Metric on tape measures

Nowadays I work mainly in metric. I'm right handed. Using a steel tape measure on a board or similar I'll hook the tape over the left hand edge and pull it across to the right. On all the imperial metric tape measures I've ever seen the Inches scale is always runs along the top edge and the metric scale runs along the bottom when running from left to right.
But when using a tape measure surely most people use the top scale for accurate measurement ? Same as using a ruler when measuring a line on a piece of paper. So why are the inches always still on top ?
O.K. so why not buy a metric only tape measure instead ? Except that all the metric only tapes only have the scale on only the one edge - again the bottom edge which is most inconvenient. They compensate for not giving the you the imperial scale at the top by giving you bigger numbers. Basically the metric only tape is the combination tape with the imperial scale removed from the top edge of the printing plate.
Gold medal for prize chumps must go to B&Q. They do a nice two sided metre rule in aluminium with the two scales on the two edges metric and inches. Except the inches are at the top on both sides, they're identical.
Full marks to Wickes - theirs seem identical in every other respect including price except the metric is on the top edge on one side.
Its just I've never noticed this before and was looking to replace some steel tapes.
michael adams
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Yeah - I've had the same issue - more or less.
I *want* my tapes marked metric both edges. It's so rare I need to work with imperial, that I'm happy with metric only.
In fact as manufacturers internationalise their products, I would have thought they would want to drop imperial scales too.
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had this to say:

I'd hope not.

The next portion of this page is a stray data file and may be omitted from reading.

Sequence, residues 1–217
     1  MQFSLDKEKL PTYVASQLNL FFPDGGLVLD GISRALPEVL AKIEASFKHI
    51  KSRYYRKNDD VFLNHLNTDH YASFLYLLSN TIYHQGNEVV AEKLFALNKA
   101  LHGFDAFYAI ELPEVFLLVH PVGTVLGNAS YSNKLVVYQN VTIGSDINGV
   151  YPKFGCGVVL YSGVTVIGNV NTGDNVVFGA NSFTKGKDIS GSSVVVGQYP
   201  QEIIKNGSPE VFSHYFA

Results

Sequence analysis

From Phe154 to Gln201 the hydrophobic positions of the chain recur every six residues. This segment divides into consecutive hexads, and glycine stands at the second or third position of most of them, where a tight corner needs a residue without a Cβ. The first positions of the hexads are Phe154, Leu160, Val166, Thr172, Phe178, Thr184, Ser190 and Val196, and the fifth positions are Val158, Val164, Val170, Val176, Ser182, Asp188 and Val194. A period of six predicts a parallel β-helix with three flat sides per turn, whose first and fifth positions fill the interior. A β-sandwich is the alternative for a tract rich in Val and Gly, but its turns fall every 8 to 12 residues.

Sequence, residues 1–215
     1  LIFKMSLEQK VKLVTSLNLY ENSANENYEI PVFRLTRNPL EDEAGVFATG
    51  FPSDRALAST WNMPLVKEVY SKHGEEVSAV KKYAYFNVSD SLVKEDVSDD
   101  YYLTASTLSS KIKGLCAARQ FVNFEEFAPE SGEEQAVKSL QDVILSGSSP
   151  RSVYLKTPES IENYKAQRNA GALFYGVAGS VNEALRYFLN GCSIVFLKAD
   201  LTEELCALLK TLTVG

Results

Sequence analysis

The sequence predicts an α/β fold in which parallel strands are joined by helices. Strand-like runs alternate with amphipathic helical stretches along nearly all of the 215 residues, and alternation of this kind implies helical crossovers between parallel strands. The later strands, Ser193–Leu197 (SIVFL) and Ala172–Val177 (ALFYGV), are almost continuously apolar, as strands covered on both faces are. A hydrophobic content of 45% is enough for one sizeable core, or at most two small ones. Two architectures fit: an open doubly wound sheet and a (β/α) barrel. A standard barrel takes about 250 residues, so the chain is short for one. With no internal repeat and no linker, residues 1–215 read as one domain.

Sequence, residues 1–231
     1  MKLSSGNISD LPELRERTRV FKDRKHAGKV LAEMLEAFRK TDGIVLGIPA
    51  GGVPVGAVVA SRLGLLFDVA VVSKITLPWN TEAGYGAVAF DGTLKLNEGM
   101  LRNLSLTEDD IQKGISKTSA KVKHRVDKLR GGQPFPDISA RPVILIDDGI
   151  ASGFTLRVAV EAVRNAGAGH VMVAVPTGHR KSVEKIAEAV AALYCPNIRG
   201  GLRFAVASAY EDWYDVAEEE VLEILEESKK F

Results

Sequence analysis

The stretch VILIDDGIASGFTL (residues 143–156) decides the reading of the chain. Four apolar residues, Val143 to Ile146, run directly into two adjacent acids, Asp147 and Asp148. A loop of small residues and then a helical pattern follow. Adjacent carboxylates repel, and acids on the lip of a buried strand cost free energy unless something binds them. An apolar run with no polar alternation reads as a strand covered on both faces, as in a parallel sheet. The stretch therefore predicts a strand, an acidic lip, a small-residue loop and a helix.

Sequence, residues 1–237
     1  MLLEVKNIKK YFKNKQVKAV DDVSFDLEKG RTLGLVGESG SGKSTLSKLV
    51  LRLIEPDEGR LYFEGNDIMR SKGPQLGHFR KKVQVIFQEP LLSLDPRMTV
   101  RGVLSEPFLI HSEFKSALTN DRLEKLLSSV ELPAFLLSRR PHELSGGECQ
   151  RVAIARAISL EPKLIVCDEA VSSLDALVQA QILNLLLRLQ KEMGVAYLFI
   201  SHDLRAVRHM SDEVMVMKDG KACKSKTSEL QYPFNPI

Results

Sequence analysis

--
Frank Erskine
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On Thu, 01 Oct 2009 20:06:58 +0100, michael adams wrote:

I suppose it'd be worth knowing what other markets the same tape measure's exported to, and what they use. It's all Imperial here in the US still (thankfully - even though I was brought up on Metric I find it a lot easier to work in feet and inches when building things) so if the same measure's also sold in the US you've got a potential market of 300 million there using primarily inches vs. 60-odd million in the UK wanting cm.
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In the UK Stanley probably still have the lions share of the market as being the single biggest remaining prestige brand in hand tools. Including steel tapes. And they probably sell the same lines in both markets. They certainly are the leading name brand in at least one of the three biggest DIY shed chains B&Q .
I can't visualise in mm or cm to save my life. If asked how many cm tall I am I'd have to work it out from being approx. two metres tall and do the multiplication. However when it comes to marking stuff out from scale drawings metric is just so much easier I find. Having to double check that I've not confused mm and cm and not made anything ten times bigger or smaller than it needs to be is a bonus in a way